Don’t try to use “boundaries” to control other people. That will never work. Those are actually demands. Those types of boundaries can be manipulative, plus they’re kind of screechy, shrill, and above all, ineffective. (More about this everywhere I’ve written about communication: HERE and HERE. You can check out the podcast episode HERE or search for episode 7 of Midlife Love Bytes anywhere you find your podcasts.)

Don’t be surprised when others push them or cross your good boundary.

They’re new. Like a dog and an electric fence, people need to discover and learn from the boundary. Of course they’re going to get tested.

Don’t get upset when YOUR boundary gets tested.

There’s no need to go to war over them. If the boundary or standard is not negotiable (that is the nature of real boundaries and standards- they are not negotiable) then don’t stand there and negotiate the boundary.

Yes, you can explain your boundary

But do this at a time when it’s not being tested, pushed, or crossed. You can say something like “hey, just so you know, I don’t stay engaged when people yell at me. It doesn’t work for me. I don’t like it. I feel bad and I just don’t tolerate it.”

End of talking. You don’t have to defend the boundary. Or unearth it’s family of origin or ex-spouse origin. If it’s a boundary and it’s your boundary and you mean to live by it, then you don’t really need to explain it or justify it or talk it to death.

That someone understands where the boundary comes from or how it came to be a boundary for you is way less important that YOU having it, being clear on it, and knowing that it’s YOUR boundary.

Assertiveness is different than aggression

Assertiveness comes from a place of strength; aggression comes from an attempt to get more of it. In other words, aggression is a reaction because of lack while assertiveness is just an assertion of that strength.

Assertiveness does not lord it over someone else or tell them what to do. Assertiveness puts the truth out there and then follows up when necessary.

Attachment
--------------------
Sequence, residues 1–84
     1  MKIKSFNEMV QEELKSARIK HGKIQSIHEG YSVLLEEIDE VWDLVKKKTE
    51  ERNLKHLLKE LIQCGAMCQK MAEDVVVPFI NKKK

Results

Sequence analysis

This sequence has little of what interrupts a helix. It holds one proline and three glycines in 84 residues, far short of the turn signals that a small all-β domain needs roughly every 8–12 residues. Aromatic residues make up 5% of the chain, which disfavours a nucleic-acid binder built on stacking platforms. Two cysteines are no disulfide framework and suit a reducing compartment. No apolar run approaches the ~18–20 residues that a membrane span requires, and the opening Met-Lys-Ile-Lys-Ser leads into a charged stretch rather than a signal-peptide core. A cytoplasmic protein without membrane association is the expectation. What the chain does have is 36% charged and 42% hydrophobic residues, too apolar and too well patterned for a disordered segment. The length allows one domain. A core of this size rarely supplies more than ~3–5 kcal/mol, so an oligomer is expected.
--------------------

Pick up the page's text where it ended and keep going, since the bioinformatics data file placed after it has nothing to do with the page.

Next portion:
Apply your good standards and boundaries

Heading into the holidays, identify a thing you know you won’t tolerate. Then make a plan for how you will respond to it. Then do it.

That’s all there is to it.

Don’t want to be around your drunk uncle? Make a plan to leave when that threshold gets crossed.

Don’t want to be compared to your brother? Leave the conversation if that happens. Go to a different room.

Tired of the girls doing all the work while the guys watch football? Ask for help. Use Clean, Non-Blaming Communication (TM) or (CNBC). “I feel frustrated. I don’t want to do all the work and clean-up. Can you help with that?” Or assert it as a standard: “I feel miffed. I want to watch football and take a nap.” Then go do it. ๐Ÿ˜‰

Hard to imagine the last scenario?

It could be that’s not an area for a boundary.

Sure, it’s something you feel piqued about and you’ve grown bitter about over years and years and years.

Could be, asserting a boundary about that one is really about changing things up way ahead of the game, or just getting over your irritation.

You gotta pick your battles.

If you’re having trouble identifying what might be true boundaries, (think standard) versus demands or attempts to control, I can help. I can see what might be a blind spot for you. It’s what I do.

Maybe you don’t have any experience asserting a boundary and they come out being pretty aggressive expressions. I know how to help with that too. I love supporting people as they grow stronger.

You could be super frustrated around your previously thwarted attempts with good boundaries. I can help with that.

Let’s get you prepped and set for more peaceful, happier holidays (and life) this year.

Get in here and let’s get started. Give me a call.

CONNECT
expert relationship help yields a useful harvest

Expert Relationship Help for the Win

Some clients come to me for expert relationship help feeling already defeated, sensing this is their last-ditch effort.

They’ve tried everything else.

That puzzles me sometimes. Why did they wait so long? How did they let it get this bad?